A joyful and triumphant celebration
John Rutter’s Christmas Celebration, Ipswich Regent, December 10
“We hear the Christmas Angels the great glad tidings tell...” the words from O Little Town of Bethlehem echoed around a packed Regent Theatre as the audience joined in the seasonal sing-song. Well, the angels couldn’t tell it with more heavenly joy than the choir of the Royal Hospital School Holbrook.
This exceptional choir was chosen personally by composer/conductor John Rutter to feature in his Christmas concert, and its red clad girl choristers arrayed against a twinkling star cloth, set the scene perfectly for a marvellous evening of Christmas music and song.
We began with a festive fanfare from the trumpets, trombones and tuba of the Royal Philharmonic Orchestra – a tremendous start to an evening full of the Christmas spirit. Later in the programme the same musicians gave us a glorious, stentorian rendition of the Trumpet Voluntary.
Our compere was the ebullient John Rutter, the most prolific and popular composer of contemporary sacred Christmas music, and what a charming host he proved, the sheer joy he takes in the making of music is totally infectious. He took the choir through some of his best known compositions, The Candlelight Carol, The Angel’s Carol and The Donkey Carol – modestly announcing one of his works, “Here’s one I made earlier”. He also painstakingly rehearsed the audience in the chorus to The Star. And we were only too eager to join in whenever invited, lustily offering “Five Gold Rings” in The Twelve Days of Christmas, and giving full vent to O Come All Ye Faithful and Hark the Herald Angels Sing.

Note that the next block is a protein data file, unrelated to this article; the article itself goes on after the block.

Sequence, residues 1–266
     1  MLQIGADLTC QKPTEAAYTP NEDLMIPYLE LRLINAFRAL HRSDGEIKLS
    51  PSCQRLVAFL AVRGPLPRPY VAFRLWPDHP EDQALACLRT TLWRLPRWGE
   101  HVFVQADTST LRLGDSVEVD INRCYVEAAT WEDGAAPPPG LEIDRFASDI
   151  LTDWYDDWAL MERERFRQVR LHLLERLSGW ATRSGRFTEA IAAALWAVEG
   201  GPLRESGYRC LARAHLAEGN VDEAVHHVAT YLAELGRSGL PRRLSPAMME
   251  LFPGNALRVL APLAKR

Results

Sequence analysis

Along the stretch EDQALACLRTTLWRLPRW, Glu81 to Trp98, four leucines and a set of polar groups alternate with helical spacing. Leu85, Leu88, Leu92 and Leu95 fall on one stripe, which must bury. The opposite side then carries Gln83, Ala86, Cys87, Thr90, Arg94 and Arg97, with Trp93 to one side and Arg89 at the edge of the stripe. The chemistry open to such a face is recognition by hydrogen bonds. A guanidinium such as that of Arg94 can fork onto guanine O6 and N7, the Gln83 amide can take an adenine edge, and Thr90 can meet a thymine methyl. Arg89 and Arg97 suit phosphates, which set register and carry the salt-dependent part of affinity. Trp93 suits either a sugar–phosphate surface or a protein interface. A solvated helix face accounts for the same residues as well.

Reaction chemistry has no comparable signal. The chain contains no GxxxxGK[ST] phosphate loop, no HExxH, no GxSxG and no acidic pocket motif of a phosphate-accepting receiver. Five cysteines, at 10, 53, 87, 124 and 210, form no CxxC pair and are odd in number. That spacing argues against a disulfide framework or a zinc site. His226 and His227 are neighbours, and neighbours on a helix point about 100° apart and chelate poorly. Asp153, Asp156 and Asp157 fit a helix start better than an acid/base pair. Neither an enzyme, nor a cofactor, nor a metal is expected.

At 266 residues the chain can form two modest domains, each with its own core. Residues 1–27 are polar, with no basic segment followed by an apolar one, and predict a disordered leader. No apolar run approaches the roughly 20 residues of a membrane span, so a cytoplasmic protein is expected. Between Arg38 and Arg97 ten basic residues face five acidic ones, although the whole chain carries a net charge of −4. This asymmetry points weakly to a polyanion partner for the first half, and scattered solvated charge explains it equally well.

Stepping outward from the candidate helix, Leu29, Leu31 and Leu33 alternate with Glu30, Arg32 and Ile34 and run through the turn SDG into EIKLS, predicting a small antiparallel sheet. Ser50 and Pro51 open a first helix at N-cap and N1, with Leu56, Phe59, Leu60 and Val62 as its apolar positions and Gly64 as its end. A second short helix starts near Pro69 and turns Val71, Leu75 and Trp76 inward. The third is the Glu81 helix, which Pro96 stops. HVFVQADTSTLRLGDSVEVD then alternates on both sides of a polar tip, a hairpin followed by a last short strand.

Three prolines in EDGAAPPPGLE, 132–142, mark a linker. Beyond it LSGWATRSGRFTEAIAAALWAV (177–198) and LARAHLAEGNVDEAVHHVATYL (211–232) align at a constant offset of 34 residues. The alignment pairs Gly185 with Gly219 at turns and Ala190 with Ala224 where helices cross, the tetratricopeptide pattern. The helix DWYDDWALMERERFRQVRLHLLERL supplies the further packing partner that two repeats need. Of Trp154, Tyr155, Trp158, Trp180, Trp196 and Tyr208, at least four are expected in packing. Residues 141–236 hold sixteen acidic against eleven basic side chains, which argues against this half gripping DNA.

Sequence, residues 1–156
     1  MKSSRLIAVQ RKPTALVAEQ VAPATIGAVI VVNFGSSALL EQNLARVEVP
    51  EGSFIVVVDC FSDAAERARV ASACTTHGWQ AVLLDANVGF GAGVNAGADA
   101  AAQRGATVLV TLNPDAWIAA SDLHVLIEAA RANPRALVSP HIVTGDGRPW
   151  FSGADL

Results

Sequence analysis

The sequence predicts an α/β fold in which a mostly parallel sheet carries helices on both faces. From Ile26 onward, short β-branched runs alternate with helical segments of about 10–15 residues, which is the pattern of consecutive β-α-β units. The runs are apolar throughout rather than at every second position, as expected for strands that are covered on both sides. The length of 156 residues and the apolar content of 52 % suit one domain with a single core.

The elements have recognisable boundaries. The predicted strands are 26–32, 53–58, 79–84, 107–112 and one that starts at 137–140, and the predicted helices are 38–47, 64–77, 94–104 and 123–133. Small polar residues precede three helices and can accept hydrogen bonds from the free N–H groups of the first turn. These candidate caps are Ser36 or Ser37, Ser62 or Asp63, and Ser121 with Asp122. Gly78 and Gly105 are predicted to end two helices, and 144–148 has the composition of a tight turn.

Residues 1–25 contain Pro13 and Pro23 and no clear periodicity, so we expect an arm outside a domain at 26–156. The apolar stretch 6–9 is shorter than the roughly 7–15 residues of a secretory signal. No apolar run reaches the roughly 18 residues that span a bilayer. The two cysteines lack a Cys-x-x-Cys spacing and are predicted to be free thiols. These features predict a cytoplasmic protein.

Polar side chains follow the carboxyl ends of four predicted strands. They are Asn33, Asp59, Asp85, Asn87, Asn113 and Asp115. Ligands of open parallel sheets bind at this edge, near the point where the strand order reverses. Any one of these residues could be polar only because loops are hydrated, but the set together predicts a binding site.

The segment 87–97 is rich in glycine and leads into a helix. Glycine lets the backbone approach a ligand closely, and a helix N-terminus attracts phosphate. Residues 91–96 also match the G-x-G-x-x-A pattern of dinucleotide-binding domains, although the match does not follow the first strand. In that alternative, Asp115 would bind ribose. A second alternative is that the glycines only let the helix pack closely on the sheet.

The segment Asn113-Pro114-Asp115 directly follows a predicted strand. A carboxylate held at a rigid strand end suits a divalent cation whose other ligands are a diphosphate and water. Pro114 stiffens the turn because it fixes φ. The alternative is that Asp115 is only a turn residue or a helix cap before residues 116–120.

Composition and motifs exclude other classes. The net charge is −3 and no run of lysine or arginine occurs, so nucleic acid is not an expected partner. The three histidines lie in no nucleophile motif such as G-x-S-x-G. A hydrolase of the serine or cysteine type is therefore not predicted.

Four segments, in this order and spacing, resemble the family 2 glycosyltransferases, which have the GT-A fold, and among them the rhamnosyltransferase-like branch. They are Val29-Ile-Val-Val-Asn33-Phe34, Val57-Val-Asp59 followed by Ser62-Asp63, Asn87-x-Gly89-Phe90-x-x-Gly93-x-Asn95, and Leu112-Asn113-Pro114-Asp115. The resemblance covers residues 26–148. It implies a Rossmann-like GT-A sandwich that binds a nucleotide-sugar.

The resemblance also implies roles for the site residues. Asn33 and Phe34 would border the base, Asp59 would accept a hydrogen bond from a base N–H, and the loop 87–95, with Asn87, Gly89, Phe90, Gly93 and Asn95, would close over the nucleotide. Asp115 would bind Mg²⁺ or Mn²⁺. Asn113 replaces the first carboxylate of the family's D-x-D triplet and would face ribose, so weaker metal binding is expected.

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The choir’s response to Rutter’s direction was as crisp and even as new fallen snow, though their vocal talents seemed more evident in Rutter’s sweet melodies than the sometimes harsh dissonance of Britten’s Festival of Carols.
John Rutter’s other guests were a real discovery - Over The Bridge (the name comes from the bridge over the Cam that separates the two parts of Clare College) were a group of nine young men from Cambridge, all of them terrific singers whose voices blended perfectly in the most intricate of harmonies. Whether singing Christmas classics like Winter Wonderland or 16th century church music such as O Magnum Mysterium they showed themselves to be a class act - they deserve to go far.
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A superb evening that I hope will become regular feature in the run-up to Christmas in Suffolk.